DHS Program Challenged

The Department of Homeland Security's information-sharing plan has corporate America and privacy advocates worried.

Businesses may now have a way to turn over private information about critical infrastructure to the Department of Homeland Security with less concern that the information will be made public. But government assurances of confidentiality have done little to reduce worries in corporate America or among privacy advocates, and lawsuits are expected.

The DHS Protected Critical Infrastructure Information Program, announced here last week, aims to expand the private information the government collects, retains and uses in the war on terror. To make companies less uneasy about sharing data, the PCII Program exempts qualified data from the Freedom of Information Act and limits civil liability for disclosure.

The most vocal fears about the program point to an expanding ethos of secrecy in the federal government.

"When people want greater secrecy and they dress it up behind a claim of privacy, they weaken the legitimate right to privacy," said Sean Moulton, senior information policy analyst at OMB Watch, in Washington.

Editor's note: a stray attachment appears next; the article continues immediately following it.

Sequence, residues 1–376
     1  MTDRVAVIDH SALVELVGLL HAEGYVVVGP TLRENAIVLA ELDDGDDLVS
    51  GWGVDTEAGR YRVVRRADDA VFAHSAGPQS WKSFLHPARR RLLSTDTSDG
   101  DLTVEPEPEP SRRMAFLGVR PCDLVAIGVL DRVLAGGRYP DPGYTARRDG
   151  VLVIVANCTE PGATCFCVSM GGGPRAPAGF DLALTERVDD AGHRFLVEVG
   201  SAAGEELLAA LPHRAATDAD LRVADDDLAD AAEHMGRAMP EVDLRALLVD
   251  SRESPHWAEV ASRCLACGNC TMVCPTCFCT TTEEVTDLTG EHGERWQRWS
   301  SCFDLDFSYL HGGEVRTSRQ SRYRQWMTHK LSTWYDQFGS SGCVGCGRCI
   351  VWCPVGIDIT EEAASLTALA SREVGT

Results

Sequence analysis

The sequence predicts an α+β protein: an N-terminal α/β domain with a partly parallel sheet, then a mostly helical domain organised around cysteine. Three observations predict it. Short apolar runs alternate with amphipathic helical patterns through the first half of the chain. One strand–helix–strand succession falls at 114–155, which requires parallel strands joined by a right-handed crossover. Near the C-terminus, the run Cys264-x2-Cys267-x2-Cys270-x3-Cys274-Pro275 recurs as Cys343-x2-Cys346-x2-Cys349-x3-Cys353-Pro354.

Because much of the countrys critical infrastructure is physical—such as dams and power grids—sharing information about it is unlikely to violate individuals privacy rights, Moulton said. However, in the cyber context, infrastructure information is apt to involve the data that travels over networks, which involves those who send and receive it, he said.

"In cyberspace, it is about whats going over the network and what people are doing on their accounts," Moulton said. "If [ISPs] want to give personal account information [under the program], all they would have to do is somehow connect it to a vulnerability or a threat to the infrastructure."

Concerns about secrecy and privacy stem from what critics see as an overly broad definition of critical infrastructure, which was taken from the USA Patriot Act. Acknowledging expected legal challenges to the program, DHS officials said last week that the program does cast a wide net, particularly in the cyber context.

"Its a broad category," said Robert Liscouski, assistant secretary for infrastructure protection at the DHS. "Were going to enter a period here where the courts are going to help us determine how strong the law is."

Whether private companies will hand over more information about their infrastructure is unclear, but skepticism remains about the security of information in government hands.

"The private sector does a better job of protecting its technology assets than the government. Private, profit-driven businesses have a huge incentive to protect these assets," said Michael Schwedhelm, CIO at United Labor Bank, in Oakland, Calif.